Dubai: Higher impairment charges related to its real estate assets hit UAE’s building materials supplier RAK Ceramics, which recorded a net loss of Dh126.2 million for 2020. That compares with Dh205.2 million in 2019.
For 2020, it has recommended a cash dividend of 7.5 per cent.
But the company – one of the biggest names in tiles and sanitaryware in the region - will be taking a lot of heart from its showing between October to December, with all its key markets in positive territory. In particular, there was Saudi Arabia, where RAK Ceramics saw full-year revenues up 57.9 per cent as its focus on “retail and wholesale sales” paid off. Plus, the Kingdom had imposed anti-dumping duties on cheap ceramic imports from China and India, and that too worked in RAK Ceramics’ favour.
In Saudi Arabia, the company is benefiting from the past buyouts of two distributors and taking on that activity directly, the CEO said.
“We were able to capitalise on the opportunity in Saudi Arabia and enhance our business in that market, while managing costs and delivering stable revenue in other markets,” said Abdallah Massaad, Group CEO. “Our operations in Europe and India have improved, reflected in our gross profit margins.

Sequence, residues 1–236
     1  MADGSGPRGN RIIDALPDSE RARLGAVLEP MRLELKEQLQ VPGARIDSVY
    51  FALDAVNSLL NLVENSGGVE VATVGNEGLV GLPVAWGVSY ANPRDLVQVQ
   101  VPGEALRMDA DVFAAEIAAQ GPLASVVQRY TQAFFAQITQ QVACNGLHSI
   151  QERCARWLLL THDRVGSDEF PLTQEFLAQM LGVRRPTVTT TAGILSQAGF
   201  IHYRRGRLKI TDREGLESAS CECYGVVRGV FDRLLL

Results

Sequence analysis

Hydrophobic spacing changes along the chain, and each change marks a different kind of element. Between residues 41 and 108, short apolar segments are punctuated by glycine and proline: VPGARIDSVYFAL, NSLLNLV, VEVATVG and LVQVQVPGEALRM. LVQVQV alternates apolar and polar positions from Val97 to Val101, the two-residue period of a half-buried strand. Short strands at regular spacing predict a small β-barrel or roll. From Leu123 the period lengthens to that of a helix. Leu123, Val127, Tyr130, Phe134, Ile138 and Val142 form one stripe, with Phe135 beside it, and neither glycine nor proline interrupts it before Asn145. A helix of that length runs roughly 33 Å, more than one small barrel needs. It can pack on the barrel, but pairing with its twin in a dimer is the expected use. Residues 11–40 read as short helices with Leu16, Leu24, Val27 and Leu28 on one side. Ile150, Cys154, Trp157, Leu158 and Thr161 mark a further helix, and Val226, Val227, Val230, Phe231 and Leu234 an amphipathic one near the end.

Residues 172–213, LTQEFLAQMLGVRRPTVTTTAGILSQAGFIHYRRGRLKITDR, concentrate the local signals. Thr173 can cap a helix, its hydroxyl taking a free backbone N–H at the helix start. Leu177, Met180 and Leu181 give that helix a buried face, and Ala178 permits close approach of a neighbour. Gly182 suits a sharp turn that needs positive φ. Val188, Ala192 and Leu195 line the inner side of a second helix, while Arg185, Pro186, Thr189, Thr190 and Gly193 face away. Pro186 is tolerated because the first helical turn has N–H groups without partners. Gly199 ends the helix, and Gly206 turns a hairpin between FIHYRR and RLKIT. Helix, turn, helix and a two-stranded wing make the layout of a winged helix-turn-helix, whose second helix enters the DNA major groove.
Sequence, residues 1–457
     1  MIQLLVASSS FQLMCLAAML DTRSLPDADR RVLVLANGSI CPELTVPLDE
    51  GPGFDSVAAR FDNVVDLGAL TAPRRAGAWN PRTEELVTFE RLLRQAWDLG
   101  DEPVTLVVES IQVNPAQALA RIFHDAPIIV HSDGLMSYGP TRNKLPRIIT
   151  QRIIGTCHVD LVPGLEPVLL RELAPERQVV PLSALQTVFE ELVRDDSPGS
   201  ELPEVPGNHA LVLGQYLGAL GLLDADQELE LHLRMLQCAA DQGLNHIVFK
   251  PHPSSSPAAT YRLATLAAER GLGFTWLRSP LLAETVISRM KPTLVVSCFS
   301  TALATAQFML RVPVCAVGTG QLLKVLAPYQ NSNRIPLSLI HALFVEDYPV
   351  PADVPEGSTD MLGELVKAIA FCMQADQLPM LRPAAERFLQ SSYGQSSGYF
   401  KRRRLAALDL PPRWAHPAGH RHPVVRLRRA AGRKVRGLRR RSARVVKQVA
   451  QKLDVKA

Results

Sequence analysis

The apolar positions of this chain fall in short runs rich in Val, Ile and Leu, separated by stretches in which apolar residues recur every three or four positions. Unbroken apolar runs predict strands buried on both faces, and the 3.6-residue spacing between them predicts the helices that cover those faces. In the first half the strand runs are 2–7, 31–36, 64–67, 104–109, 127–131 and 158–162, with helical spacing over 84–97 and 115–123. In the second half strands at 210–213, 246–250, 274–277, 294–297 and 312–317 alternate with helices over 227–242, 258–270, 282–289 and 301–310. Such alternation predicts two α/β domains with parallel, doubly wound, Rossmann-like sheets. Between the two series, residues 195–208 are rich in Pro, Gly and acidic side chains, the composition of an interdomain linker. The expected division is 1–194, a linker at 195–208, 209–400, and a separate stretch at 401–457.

“Given our ability to act decisively during times of crisis, we were able to implement measures to manage the impact of COVID-19 which allowed us to achieve an accelerated recovery starting from Q3-2020 where we reached pre-COVID-19 levels of operation and performance.”
COVID-19 and real estate
The pandemic brought about reduced demand for its products in the first six months, as construction sites and developer clients slowed down on new orders.
There was also the parallel “slump in real estate”, which led RAK Ceramics to revalue its land assets and resulted in an impairment loss of Dh213.2 million. There was also a provision of Dh23.1 million related to one of its hotel assets.
The first-half demand decline was directly responsible for 2020 revenues being lower by 8.7 per cent to Dh2.35 billion. (To place things in some perspective, if the second quarter numbers are excluded, revenues increased 1 per cent to Dh1.94 billion.)
"In the UAE, projects are coming back, but the market conditions are still difficult,” the CEO said. “What we are doing internally is focusing on improving the working capital management and that’s helped us a lot in 2020.
"While 2020 showed everyone that it’s become difficult to predict anything, we believe the momentum from the fourth quarter is there. We remain a long-term player – being one of the world’s biggest ceramic companies is built on that.”